Teva’s argument here is a bit of a stretch because, although murine (mouse) anti-CGRP antibodies were well known, the humanized versions were not. And, the asserted claims require the humanized antibodies. In its briefing, Teva brings this together by arguing that the court wrongly disregarded the murine anti-CGRP antibodies disclosed in the specification and prior art:

The district court treated humanized anti-CGRP antagonist antibodies as a novel genus of antibodies, of which antibody G1 was the only known species. . . . The court refused to consider the many murine anti-CGRP antagonist antibodies already known to a POSA, even though humanizing them would have been routine and a POSA would know that they all would treat headache, because they had not actually been humanized. . . . That was error.

Teva Brief.  Teva also points out that Eli Lilly, in its IPR petitions against some of the patents, successfully argued the prior art was “replete with exemplary disclosures of anti-CGRP antagonist antibodies” that were “well known,” and Eli Lilly’s own expert admitted humanization was “routine” as of the invention date. Given this evidence, Teva contends that a reasonable jury could find practicing the full scope of the claims had been both described and enabled without requiring undue experimentation.

Eli Lilly’s Response

On written description, Eli Lilly argues the claims “broadly cover methods of treating headache using any humanized anti-CGRP antagonist antibody” yet the patents “disclose[] only one humanized anti-CGRP antagonist antibody.”  Eli Lilly contends Teva cannot rely on the unclaimed murine antibodies as representative species to make up for this shortcoming – especially for the written description requirement –  because they “are not within the scope of the claims, and thus cannot be representative.”  Lilly goes on to argue that this requirement persists regardless of whether the claim is an antibody composition or method of treatment claim. And while Teva argues humanizing the murine antibodies would have been routine, Eli Lilly asserts “whether a skilled artisan could make and use the claimed subject matter is irrelevant to written description if the specification does not contain sufficient disclosure showing that the inventors possessed what they claimed.”  On enablement, Teva argues that even if humanization of antibodies is routine, this does not eliminate the need to synthesize and screen each candidate to determine if it binds and antagonizes CGRP and “effectively” treats headache as claimed.

Finally, Eli Lilly’s conditional cross-appeal argues that the future lost profits award was speculative and therefore should be rejected. The brief does not reject the potential that future lost profits could be awarded in an appropriate case, but notes that past lost profits already requires a high standard of proof that is made much more difficult without the 20-20 vision of hindsight.  Focusing on the evidence presented, Eli Lilly particularly notes how Teva’s damages expert’s analysis was forced to revise his initial forecast down by over 50% in one year due to changing market dynamics, and uncertainty remained as to whether his revised estimate was reliable.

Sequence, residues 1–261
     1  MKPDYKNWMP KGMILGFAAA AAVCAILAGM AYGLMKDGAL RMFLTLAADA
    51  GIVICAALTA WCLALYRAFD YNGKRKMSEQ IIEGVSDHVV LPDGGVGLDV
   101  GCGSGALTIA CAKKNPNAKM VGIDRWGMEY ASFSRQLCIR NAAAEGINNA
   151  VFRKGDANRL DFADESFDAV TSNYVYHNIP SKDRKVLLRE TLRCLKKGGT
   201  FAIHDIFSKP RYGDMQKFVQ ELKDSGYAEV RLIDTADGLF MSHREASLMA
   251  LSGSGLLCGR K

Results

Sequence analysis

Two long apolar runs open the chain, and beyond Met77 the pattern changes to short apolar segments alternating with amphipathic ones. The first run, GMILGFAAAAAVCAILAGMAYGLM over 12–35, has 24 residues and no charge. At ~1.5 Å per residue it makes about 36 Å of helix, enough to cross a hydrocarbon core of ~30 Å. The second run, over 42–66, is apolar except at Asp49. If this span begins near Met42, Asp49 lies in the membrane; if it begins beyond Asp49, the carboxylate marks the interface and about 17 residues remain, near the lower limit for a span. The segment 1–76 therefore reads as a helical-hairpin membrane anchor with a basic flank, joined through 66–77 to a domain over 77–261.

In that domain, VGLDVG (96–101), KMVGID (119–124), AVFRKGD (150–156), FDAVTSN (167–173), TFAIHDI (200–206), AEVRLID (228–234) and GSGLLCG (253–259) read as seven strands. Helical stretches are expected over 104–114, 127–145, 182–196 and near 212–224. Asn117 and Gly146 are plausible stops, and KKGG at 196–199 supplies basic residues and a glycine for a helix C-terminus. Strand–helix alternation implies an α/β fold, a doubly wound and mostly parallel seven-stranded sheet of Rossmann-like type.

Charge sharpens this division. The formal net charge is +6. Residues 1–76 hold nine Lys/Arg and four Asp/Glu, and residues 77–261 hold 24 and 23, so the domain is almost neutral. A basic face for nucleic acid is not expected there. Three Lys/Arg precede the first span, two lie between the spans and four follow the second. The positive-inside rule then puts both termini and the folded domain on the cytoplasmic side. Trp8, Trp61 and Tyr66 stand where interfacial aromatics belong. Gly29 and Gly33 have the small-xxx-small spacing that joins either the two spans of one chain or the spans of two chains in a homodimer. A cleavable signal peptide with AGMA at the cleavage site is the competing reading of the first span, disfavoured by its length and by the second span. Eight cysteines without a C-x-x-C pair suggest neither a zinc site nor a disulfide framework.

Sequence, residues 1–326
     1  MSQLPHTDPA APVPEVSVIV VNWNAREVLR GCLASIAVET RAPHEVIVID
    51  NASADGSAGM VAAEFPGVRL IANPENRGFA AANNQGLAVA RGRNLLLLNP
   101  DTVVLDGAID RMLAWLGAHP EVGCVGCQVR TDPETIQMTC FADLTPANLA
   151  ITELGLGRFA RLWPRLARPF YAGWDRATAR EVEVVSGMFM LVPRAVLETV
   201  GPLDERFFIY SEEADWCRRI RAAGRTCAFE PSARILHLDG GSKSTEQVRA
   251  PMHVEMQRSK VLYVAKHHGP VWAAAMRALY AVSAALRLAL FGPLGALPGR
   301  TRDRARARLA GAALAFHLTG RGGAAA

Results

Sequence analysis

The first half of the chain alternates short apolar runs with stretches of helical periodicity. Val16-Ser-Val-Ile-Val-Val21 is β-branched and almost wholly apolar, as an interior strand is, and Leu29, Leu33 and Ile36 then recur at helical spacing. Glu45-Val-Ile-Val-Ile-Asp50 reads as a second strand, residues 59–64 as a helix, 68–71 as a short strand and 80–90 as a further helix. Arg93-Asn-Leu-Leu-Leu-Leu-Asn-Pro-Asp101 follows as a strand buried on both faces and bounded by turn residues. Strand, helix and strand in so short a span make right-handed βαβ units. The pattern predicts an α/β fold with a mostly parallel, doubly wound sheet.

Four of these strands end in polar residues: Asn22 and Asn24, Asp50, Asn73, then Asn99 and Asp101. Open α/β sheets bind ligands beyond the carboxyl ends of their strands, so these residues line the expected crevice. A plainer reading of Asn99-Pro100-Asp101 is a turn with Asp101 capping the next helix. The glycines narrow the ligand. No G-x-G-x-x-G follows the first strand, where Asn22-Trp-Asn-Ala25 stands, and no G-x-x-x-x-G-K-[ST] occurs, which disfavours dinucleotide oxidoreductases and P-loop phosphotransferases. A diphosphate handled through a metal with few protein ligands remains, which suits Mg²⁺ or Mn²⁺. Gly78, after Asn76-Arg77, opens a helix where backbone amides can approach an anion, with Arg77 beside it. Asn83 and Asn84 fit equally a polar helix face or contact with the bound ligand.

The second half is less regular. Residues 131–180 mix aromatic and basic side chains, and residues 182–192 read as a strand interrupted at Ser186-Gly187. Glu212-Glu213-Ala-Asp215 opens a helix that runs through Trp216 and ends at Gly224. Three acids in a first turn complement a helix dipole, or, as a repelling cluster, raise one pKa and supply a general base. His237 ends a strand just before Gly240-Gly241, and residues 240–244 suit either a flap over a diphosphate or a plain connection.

Although it will depend upon the particular panel, my view is that the Federal Circuit is likely to affirm the written description and enablement holdings — making incrementally even harder to protect genus claims for biotech innovations.

14 thoughts on “What is Next for Enablement and Written Description of Antibody Claims?

  1. 3

    In the case In re Alonso 545 F.3d 1015 (Fed. Cir. 2008), the Federal Circuit held that a claim to a method of treating neurofibrosarcoma with idiotypic mAbs lacked written description as the specification only disclosed a single mAb. The court agreed with the PTAB that “the single antibody described in the Specification is insufficiently representative to provide adequate written descriptive support for the genus of antibodies required to practice the claimed invention.”

    1. 2.1

      That is a major victory, now if they’ll do us all a solid and stop the PTO from preventing examiners from being able to go and work in the legal field in their actual field of expertise (except after 4 years or whatever) I’ll appreciate it. It is a shame that republicans still don’t on board with this, or at least old heads do not.

      1. 2.1.1

        It’s only two years (from what I remember when I left the PTO). And of course, as a practicing attorney you are required to avoid conflicts, so you can’t work on cases that you were involved with while examining. So there’s no need for whatever it is you are proposing.

    2. 2.2

      Although I should add, I’m not sure how the FTC will enforce this or whatever, or how they have power over this.

      Apparently also a win:

      “Meanwhile, the Department of Labor has closed the “avoid overtime pay by making low-paid workers salaried” loophole:”

      I wonder if examiners are considered low-paid workers (relative to others in the field)?


          “What does that union of yours say?”

          Couldn’t tell you. This just came out.

          In any event, I was hearing on other channels on youtube that there are other little mini-victories in the rule as well (to prevent work arounds that are easily foreseeable).

    3. 2.3

      “The Commission’s presentation on the final rule indicated that it will lead to 8,500 new businesses per year and an average increase of 17,000-29,000 patents per year over the next decade.”

  2. 1

    What is the standard, and what was articulate by the judge, to allow himself to overturn this jury verdict?

    1. 1.2


      Especially on written description, which is a factual determination. But, the Federal Circuit would just apply a WD analysis to kick it out on enablement grounds as they did in Amgen.

      The humanization process maintains the binding ability, which is found in the variable region in yellow in the figure above and predominantly in the complementarity determining regions. The humanization of antibodies has been occurring since before 1990.